Rush Limbaugh makes people angry.
I don’t mean just the people who disagree with him. I mean the ditto-heads who hang on his every word.
I hate to generalize. There may be some sweet and open-minded Limbaugh fans out there. To them, I apologize, because those I’ve come into contact with through the years are generally apoplectic, humorless and unwilling to listen to anything that goes against the party line.
Can this be good for a person’s physical or mental health? Does it make people happy to be so angry?
I say this even though I’m a conservative on most issues.
My latest such encounter came this morning, right after I’d flipped on the lights and fired up the hard drive. The phone rang. On the other end was a man wanting to know why I would say Rush was uniting the nation against him.
I write a little humorous take on the news each Monday called “On second thought.” This week, I referred to Limbaugh’s tirade against a third-year Georgetown law student who had testified to Congress about the need for mandatory contraceptive coverage. He called her a slut and a prostitute. He said he wanted to see tapes of her having sex.
My caller launched into a defense of Limbaugh, demanding to know why I thought Americans should be forced to pay for the contraceptives of promiscuous people.
The thing is, I don’t think that. But the minute Limbaugh started throwing around words like “slut” and “prostitute,” all rational debate ended. My side of the argument got lost under an avalanche of incivility and hate.
I try to be nice to callers, even one who is shouting that no one he knows disagrees with Limbaugh and that I’m just part of the liberal media cabal. (He didn’t actually use that word. “Cabal” likely is a bit large for him.)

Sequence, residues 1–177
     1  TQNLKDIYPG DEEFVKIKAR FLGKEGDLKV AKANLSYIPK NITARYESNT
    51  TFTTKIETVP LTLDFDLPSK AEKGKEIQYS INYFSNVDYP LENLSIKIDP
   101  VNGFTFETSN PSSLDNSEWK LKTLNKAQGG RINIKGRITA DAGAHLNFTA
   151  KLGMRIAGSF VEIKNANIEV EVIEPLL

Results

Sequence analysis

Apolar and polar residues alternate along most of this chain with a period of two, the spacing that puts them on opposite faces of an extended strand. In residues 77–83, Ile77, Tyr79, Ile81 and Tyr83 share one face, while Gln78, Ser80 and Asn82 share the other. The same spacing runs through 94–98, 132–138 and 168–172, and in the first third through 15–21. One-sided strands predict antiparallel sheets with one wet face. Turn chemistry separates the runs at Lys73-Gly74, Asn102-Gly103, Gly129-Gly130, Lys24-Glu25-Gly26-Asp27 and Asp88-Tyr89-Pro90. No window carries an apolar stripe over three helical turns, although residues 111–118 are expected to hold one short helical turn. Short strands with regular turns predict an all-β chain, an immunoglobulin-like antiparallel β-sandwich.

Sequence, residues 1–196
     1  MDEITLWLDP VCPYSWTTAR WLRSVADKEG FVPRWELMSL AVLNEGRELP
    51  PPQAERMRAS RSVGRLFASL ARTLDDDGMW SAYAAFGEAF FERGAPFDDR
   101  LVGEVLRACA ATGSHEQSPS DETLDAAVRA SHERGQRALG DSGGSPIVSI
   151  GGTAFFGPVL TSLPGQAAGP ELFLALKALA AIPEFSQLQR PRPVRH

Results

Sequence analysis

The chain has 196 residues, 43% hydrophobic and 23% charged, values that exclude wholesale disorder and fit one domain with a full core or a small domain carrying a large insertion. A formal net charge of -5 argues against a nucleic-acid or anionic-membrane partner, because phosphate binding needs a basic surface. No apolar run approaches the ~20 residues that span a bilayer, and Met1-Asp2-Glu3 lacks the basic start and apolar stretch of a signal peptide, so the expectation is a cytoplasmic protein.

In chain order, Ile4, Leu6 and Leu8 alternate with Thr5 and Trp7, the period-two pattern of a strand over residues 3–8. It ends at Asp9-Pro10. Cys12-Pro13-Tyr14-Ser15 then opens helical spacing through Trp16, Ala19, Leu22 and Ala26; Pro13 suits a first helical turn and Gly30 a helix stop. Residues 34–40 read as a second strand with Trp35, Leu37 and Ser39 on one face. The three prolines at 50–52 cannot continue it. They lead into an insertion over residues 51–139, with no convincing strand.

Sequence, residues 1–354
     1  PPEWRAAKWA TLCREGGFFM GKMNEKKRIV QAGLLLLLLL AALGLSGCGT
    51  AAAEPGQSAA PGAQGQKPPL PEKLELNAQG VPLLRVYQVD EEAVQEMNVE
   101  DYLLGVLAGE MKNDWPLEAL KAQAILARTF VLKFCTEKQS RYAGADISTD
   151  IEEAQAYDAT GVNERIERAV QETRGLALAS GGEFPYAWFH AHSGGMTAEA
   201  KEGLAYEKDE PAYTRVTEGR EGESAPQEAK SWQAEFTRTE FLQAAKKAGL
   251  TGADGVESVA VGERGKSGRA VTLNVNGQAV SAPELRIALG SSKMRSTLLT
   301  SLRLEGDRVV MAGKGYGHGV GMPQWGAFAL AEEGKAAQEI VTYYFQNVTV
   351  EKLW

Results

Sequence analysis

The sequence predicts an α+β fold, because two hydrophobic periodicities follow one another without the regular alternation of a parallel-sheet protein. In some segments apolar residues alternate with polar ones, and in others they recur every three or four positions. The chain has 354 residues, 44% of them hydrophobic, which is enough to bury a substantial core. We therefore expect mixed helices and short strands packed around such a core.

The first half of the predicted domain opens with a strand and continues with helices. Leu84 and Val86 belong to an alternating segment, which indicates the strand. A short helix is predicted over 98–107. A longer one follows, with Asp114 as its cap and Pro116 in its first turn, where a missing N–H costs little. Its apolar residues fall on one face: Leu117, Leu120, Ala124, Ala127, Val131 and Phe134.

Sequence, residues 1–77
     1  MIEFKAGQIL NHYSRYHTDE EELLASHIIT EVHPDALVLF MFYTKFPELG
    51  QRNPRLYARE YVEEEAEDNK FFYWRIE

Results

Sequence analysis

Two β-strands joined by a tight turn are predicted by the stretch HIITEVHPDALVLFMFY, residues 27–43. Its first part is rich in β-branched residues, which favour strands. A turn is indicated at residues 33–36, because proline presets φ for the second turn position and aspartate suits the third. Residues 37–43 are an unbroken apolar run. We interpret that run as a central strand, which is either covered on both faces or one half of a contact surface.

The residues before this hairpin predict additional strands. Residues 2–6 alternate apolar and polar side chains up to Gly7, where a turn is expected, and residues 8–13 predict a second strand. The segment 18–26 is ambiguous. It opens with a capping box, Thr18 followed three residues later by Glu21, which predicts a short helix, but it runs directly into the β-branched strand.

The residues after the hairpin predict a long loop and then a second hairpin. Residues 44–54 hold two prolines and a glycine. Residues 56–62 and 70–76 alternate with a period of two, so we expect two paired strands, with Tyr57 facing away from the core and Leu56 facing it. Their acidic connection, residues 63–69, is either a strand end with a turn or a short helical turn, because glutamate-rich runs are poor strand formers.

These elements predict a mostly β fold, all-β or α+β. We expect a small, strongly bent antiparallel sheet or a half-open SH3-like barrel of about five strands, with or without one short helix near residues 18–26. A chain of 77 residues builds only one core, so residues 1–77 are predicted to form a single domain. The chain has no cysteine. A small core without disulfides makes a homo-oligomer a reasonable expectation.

But then he turned me over to his wife, and the fun really started. Each time I tried to interject that I agreed that insurance companies should not be forced to provide contraceptive coverage, she would yell, “I don’t care if you agree with me!” I hung in there until she began shrieking swear words in my ear. That’s when I aborted the conversation.
So far, seven sponsors have pulled out of the Limbaugh show. Sponsors care about their customers, first and foremost. My caller insisted they were just knuckling under to pressure from “the libs.”
Limbaugh has apologized. You can read it here. He said, “My choice of words was not the best, and in the attempt to be humorous, I created a national stir.”
That was his first mistake, trying to be humorous to a crowd he personally has trained to be humorless.
Of course, my caller would see the apology as something forced on Rush by “the libs.” It’s a world-view that conveniently explains everything and eliminates the need to explore arguments or defend positions.